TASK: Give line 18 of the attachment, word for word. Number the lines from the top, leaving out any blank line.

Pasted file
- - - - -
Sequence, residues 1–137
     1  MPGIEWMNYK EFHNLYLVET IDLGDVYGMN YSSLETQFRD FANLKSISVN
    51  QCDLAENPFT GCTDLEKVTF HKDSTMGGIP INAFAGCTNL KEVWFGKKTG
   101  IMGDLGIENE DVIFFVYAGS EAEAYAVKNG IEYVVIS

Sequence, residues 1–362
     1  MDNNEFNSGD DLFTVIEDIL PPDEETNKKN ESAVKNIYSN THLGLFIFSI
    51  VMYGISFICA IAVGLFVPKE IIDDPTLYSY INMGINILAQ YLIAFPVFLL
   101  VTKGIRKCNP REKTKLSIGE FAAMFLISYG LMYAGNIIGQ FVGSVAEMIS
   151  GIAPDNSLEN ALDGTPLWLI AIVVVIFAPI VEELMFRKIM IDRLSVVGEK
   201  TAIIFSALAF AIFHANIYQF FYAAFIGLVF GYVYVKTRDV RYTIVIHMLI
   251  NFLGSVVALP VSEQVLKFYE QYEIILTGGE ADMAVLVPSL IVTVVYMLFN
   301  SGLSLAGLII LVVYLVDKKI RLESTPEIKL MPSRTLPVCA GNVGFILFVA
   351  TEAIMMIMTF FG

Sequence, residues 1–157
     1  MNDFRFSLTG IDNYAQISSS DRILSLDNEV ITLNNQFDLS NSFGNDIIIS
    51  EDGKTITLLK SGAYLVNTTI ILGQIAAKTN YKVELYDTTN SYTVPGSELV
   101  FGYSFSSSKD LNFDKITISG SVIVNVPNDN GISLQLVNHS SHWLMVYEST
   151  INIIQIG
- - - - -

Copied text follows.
   151  INIIQIG